often not only a fear of “outsiders”.
Many HIV-infected South Africans
can’t even tell their family about
their condition. 

Double life
Stigma also makes HIV-infected
people, even those on treatment
like Gloria Letaba*, live double
lives. Letaba collects her antiretroviral
treatment from Helen Joseph
Hospital in Auckland Park. She takes
her pills meticulously and has had a
suppressed viral load for three years.
But she can’t tell her employer; she’s
a domestic worker and is scared she
might lose her job. 

Until recently, Letaba only had
to take off a morning once in three
months to collect her quarterly
supply of treatment. She could get
away with telling her employer
she was going for a dental or medical
checkup. But three months ago,
things changed: Helen Joseph ran
short of long-term antiretroviral
stock, and told her she had to collect
her treatment monthly until the
pharmacy sorted out the problem. 

The HIV clinic’s queues started to
get longer, which meant Letaba had
to take off three-quarters of a day
of work each month. Her employer
started to ask questions. Fearful
of HIV-related stigma, Letaba
told her employer: “I have diabetes
and they’re running out of my

Diabetes, because she wouldn’t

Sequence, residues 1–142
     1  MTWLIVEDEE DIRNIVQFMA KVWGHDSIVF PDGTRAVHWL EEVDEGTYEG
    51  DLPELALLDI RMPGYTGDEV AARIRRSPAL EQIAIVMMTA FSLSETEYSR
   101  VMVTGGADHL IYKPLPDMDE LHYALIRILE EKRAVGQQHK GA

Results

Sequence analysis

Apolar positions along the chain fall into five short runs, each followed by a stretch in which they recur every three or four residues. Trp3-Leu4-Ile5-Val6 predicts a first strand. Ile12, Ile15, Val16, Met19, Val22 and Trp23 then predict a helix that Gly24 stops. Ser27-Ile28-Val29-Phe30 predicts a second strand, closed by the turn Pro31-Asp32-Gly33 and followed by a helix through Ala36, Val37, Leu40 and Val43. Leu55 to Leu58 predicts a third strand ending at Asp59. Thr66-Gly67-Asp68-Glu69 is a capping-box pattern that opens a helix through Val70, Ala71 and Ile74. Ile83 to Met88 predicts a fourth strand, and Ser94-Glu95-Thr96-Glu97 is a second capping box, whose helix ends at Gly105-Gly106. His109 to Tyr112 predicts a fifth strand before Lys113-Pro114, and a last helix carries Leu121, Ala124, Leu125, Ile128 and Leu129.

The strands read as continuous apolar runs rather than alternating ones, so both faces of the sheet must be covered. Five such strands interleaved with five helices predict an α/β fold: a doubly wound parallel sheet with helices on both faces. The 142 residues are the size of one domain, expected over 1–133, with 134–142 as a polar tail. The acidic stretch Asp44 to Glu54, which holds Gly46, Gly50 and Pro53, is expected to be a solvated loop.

lose her job because of it. Diabetes,
because her employer is unlikely to
think she brought the condition on
herself and “deserved what she got”. 

Aids is a mirror that reflects how
we think about society. It exposes
our prejudices and our lack of ability
to embrace diversity. The Aids
looking glass is telling us: although
we’ve made progress, we have a long
way to go towards breaking down
our bias – more than 30 years after
the discovery of HIV. It’s not the government’s
job alone to address HIV-related
stigma. We should start with
ourselves and our families. 

In South Africa, where health
department figures show that close
to one in five adults is infected with
HIV, we’re all likely to know someone
with HIV.
Someone who is too scared to tell
us. Someone who isn’t Charlie Sheen. 

* Not their real names

• World Aids Day is on December 1

+ posts

Mia Malan is Bhekisisa's editor-in-chief and executive director. Under her leadership, Bhekisisa’s online readership increased 30 fold and its donor funding eightfold between 2013 and 2019. Malan has won more than 20 African journalism awards for her work and is a former fellow of the Reuters Institute for the Study of Journalism at Oxford University.